How did this happen to my beautiful baby?
We realized that my daughter had a flat head when she was a few months old. Our pediatrician noticed that she also had torticollis. We had the torticollis treated, and worked hard at home to correct the flat head on our own. After a recommendation from our pediatrician, we decided to get help. My baby was diagnosed with plagiocephaly (flat head syndrome) when she was five months old. Here are some things that I wish I had known, and some things that you might be interested in learning.
What causes plagiocephaly?
1. Positioning in the womb. Sometimes the position in which a baby is laying in the womb can cause plagiocephaly.
2. The “sleep on the back campaign. " In 1992 the American Academy of Pediatrics issued instructions for infants to be placed on their backs for sleeping to decrease SIDS. (Sudden Infant Death Syndrome) This has decreased SIDS, but it has made flat head syndrome more common.
3. Torticollis. Torticollis is a condition where the baby prefers to look in one direction over another. The baby will look to that direction, and also sleep with their head facing the favored direction.
Can you prevent plagiocephaly?
1. Lots of tummy time can help prevent plagio. Any chance that you get, place your baby on their tummy. When your child is sleeping, it is recommended that they still sleep on their backs even with plagiocephaly. Off set some of those night time hours with tummy time during the day.
2. Positioning during sleep times. Try to alternate sides that you lay baby on for naps and bedtime. Now this is easier said then done, especially during the night. Just reposition your baby before you go to bed.
3. Take baby out of the infant carrier if possible. I know how tempting it is as a mom to let your baby finish that 2 hour nap in the car seat. If you remove your baby you can control which side you lay him on.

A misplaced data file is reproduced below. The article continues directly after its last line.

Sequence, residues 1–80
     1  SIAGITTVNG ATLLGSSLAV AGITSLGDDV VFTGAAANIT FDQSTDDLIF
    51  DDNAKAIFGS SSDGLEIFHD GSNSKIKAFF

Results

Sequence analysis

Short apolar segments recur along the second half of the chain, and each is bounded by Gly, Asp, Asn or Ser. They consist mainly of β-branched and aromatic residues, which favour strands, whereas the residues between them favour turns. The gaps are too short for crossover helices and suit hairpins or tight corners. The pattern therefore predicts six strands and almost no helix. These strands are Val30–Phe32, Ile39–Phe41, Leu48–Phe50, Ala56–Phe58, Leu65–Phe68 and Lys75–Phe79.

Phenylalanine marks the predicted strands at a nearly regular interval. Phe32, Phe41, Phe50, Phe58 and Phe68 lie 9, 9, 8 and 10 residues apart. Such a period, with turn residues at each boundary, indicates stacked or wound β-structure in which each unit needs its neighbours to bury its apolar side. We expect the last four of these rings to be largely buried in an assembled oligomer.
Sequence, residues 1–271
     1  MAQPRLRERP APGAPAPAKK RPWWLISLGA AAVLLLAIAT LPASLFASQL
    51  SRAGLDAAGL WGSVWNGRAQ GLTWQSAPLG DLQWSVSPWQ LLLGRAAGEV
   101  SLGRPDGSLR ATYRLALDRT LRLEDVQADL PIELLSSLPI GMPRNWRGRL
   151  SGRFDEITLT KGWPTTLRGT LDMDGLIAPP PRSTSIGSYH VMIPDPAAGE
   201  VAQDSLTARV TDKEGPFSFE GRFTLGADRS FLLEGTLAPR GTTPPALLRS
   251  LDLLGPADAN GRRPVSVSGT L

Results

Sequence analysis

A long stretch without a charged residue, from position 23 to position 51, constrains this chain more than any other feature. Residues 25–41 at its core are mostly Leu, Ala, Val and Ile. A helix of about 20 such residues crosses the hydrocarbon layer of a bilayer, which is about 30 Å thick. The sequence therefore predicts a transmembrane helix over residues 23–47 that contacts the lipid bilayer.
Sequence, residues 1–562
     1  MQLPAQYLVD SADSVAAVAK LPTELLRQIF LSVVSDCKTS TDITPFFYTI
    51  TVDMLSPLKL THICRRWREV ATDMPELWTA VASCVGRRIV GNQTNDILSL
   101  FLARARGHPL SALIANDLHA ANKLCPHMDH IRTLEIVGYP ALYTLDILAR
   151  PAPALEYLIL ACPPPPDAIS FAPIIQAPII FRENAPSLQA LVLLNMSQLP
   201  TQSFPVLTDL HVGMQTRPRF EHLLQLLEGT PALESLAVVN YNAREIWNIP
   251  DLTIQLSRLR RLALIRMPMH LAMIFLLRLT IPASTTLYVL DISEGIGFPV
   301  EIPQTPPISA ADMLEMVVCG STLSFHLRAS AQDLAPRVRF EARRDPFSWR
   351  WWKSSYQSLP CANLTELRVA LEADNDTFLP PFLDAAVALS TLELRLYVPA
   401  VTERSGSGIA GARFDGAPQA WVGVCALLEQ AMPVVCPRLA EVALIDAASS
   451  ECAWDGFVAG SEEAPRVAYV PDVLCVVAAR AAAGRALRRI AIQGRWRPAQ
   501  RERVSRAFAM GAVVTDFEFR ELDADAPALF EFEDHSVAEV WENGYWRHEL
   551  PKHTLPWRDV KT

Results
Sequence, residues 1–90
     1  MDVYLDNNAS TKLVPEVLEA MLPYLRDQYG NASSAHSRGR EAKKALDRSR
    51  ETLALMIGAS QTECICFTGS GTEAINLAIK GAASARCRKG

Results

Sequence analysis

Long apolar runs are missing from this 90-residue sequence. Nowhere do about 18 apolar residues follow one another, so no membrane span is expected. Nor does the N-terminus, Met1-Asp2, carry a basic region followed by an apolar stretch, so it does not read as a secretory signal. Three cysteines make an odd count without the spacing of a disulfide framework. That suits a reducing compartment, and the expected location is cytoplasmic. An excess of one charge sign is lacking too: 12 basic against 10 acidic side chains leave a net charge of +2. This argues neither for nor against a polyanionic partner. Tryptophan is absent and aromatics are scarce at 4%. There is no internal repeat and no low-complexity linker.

What is helmet therapy?
Your child will begin wearing a helmet band to fix the flat spot. Therapy varies depending on the severity of your baby's flat spot. My daughter wore her helmet for four months. They can get positive results from the helmet up to a year old. When you have your initial visit you will learn about how severe your baby's plagiocephaly is and learn of the recommended treatment plan. Every two weeks you will be advised to get the helmet adjusted. As your baby's head grows they will need to carve the helmet out. Listen to what your caregiver tells you. If they recommend 23 hours a day, have your baby wear the helmet 23 hours a day. Your baby will really appreciate the hour off at bath time. You will get quicker results if you follow the nurse practitioner or doctors orders.
How you and your family might be feeling, and what you can do to help.
Having your baby diagnosed with plagiocephaly can be a scary time. I began searching for books to read to our children. I searched in stores and on the internet. I was unable to find any books to read to them. We read a lot in our house, so I felt lost without a children's book on this subject.
Alison's Helmet is a realistic children's book that explains the process that our baby went through. My hope is that I can help children understand what their baby might be feeling when they get the helmet. The book outlines Alison's feelings, her treatment plan, and her positive growth and development while wearing the helmet. Children of all ages can benefit from Alison's Helmet! Adults will also enjoy reading this fun loving book.
If you need additional support as a parent you may wish to find an plagiocephaly support group.
Teri Stark is the author of Alison's Helmet, a plagiocephaly children's book. This book is designed to help children understand what there baby is feeling. You can purchase the book at http://www.helmetsforbabies.com